Abstract P218: Longitudinal Changes in Berry Intake and the Risk of Cardiovascular Disease in Women
Background: High intake of polyphenols has been linked to a lower risk of cardiovascular disease (CVD). Berries are high in polyphenols, including anthocyanins, along with other key nutrients. However, few studies have investigated the association between longitudinal changes in berry intake and long-term risk of CVD. The aim of this study was to investigate whether longitudinal changes in berry intake are associated with the risk of major CVD endpoints.
Methods: Longitudinal changes in berry intake (sum of blueberries and strawberries) were assessed from two 131-item food-frequency questionnaires (FFQ) completed in 1992-1995 (FFQ1) and 2004 (FFQ2) among 29,598 middle-aged and older women free of CVD from the Women’s Health Study. Women also provided self-reports of a wide range of lifestyle, clinical and dietary factors at both timepoints. For each FFQ, women were categorized into two categories of total berry, blueberry, and strawberry intake: never/rarely and ≥1 time/month. Women were then categorized as having consistent low intake (never/rarely), consistent any intake (≥1 time/month), any increase in intake, and any decrease in intake between FFQ assessments. We used Cox proportional hazards models to calculate age and multivariable-adjusted hazard ratios (HRs) (95% confidence intervals (CI)). We included age, randomization assignments, smoking status, body mass index, physical activity, hormone replacement therapy, family history of myocardial infarction (MI), hypercholesterolemia, hypertension, diabetes, fruit and vegetable intake, saturated fatty acid intake, and omega-3 intake as covariates at the FFQ2 assessment.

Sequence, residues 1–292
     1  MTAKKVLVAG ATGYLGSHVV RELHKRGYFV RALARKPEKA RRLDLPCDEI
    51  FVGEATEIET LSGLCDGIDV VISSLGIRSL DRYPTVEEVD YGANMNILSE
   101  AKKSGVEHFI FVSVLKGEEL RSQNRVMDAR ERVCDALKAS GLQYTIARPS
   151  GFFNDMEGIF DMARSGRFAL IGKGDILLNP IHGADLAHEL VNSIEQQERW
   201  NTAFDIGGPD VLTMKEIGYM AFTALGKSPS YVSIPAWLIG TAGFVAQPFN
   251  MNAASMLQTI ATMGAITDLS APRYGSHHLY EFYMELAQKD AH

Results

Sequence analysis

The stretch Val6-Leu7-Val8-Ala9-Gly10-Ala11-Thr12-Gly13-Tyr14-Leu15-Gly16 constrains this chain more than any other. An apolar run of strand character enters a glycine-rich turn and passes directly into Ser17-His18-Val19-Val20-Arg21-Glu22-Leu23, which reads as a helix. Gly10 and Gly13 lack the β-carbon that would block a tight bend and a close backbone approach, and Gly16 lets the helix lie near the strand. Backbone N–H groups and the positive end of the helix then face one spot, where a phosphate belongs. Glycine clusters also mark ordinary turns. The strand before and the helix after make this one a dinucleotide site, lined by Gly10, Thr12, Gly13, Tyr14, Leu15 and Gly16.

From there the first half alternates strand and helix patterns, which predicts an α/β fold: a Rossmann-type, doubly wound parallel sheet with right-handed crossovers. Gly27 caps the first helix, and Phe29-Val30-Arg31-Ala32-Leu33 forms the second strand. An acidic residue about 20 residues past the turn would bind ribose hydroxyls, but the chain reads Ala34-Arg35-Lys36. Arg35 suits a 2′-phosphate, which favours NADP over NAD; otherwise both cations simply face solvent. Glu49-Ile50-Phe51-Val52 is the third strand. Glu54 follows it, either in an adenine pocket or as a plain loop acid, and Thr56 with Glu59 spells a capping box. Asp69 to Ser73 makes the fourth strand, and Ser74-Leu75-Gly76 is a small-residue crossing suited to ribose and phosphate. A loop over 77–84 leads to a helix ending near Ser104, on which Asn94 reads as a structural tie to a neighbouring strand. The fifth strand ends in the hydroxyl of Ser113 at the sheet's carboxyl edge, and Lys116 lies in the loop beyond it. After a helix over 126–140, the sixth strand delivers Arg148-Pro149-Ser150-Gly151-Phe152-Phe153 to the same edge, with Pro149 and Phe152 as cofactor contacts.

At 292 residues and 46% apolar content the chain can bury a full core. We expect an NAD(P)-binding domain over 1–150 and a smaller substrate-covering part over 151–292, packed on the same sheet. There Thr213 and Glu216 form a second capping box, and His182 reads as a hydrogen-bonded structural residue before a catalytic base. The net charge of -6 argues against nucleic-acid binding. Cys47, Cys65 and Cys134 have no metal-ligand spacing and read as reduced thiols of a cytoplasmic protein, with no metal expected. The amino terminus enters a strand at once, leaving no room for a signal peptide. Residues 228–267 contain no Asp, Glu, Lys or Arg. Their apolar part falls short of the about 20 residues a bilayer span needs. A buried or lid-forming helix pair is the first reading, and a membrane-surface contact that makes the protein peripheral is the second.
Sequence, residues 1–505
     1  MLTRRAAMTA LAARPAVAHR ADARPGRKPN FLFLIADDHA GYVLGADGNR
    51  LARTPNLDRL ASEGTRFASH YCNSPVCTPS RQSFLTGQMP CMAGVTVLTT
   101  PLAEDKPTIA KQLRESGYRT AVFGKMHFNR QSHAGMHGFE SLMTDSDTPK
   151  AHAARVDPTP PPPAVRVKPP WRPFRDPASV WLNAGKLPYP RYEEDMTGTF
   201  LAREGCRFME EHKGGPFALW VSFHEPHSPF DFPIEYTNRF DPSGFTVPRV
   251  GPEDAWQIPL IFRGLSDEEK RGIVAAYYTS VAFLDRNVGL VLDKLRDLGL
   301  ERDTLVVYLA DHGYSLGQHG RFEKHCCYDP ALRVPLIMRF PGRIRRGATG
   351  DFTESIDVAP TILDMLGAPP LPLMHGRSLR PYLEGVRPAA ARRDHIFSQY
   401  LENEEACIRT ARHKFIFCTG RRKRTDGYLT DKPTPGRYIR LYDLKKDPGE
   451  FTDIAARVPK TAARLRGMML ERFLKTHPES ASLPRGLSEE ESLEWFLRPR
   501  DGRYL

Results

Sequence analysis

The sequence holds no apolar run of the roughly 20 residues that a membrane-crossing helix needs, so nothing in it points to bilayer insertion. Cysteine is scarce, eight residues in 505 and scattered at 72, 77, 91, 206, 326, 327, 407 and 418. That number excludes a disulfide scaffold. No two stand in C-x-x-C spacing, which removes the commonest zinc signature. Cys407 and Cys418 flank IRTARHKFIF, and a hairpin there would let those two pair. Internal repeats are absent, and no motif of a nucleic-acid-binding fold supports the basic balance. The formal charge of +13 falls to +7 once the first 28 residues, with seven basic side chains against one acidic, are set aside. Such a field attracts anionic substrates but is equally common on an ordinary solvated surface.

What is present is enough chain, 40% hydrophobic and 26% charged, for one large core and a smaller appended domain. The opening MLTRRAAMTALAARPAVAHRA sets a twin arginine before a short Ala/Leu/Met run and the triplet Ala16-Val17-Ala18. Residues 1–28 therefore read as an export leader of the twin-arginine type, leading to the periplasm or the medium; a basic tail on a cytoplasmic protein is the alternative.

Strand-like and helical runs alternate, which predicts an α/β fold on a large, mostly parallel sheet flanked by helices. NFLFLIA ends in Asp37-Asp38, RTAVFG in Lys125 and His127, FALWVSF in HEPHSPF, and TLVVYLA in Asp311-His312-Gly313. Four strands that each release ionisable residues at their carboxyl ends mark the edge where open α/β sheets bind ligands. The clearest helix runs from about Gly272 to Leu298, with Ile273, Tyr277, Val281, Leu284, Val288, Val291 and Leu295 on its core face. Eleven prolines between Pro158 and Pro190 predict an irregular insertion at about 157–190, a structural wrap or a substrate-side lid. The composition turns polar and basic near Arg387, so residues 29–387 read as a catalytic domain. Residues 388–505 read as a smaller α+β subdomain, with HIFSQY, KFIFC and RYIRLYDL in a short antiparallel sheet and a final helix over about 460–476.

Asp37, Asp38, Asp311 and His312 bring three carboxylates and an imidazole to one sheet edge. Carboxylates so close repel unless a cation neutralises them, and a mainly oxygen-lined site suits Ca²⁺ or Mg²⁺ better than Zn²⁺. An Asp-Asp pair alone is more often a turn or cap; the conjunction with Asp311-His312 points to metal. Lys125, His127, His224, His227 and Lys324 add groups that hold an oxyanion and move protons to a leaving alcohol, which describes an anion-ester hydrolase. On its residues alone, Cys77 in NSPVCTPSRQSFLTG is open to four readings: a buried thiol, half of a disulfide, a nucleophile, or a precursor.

Results: During a mean follow-up of 9.9 years, we identified 851 cases of incident major CVD (MI, stroke, and CVD death). The intakes of total berries at FFQ1 were 23% (never/rarely) and 77% (≥1 time/month). Corresponding intakes at FFQ2 were 15% and 85%, respectively. In multivariable-adjusted models, consistently having any berry intake (HR: 1.00 (0.78-1.28)), any increase (HR: 0.89 (0.66-1.19)), or any decrease (HR: 0.84 (0.60-1.18)) in total berry intake over 10 years were not significantly associated with the risk of major CVD compared to women with consistently having no intake. A similar lack of association was observed for changes in strawberry intake. Increasing blueberry intake was associated with a lower risk of major CVD (HR: 0.83 (0.69-0.99)), whereas consistently having any blueberry intake (HR: 1.09 (0.91-1.29)) and any decrease in blueberry intake (HR: 0.97 (0.75-1.27)) were not associated with CVD.
Conclusions: The results from this prospective study of middle-aged and older women initially free of CVD suggest that increasing blueberry intake over time may lower the risk of subsequent CVD.
Author Disclosures: S. Rautiainen: None. L. Wang: None. I. Lee: None. J.E. Buring: None. H.D. Sesso: None.
- © 2017 by American Heart Association, Inc.